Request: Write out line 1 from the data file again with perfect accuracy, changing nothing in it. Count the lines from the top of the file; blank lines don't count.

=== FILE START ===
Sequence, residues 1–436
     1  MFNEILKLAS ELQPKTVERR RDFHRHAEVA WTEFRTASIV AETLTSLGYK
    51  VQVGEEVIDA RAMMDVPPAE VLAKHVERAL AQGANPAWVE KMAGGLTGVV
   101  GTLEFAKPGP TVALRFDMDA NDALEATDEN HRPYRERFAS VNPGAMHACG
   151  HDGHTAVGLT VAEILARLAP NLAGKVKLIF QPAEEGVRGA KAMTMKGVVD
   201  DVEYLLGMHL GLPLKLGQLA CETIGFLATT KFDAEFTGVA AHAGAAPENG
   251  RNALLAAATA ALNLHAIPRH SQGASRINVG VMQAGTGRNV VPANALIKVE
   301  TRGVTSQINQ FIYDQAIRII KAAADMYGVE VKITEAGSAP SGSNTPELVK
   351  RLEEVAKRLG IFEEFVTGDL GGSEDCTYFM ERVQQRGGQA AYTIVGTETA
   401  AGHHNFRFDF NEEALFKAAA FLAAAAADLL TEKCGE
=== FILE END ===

Sequence, residues 1–436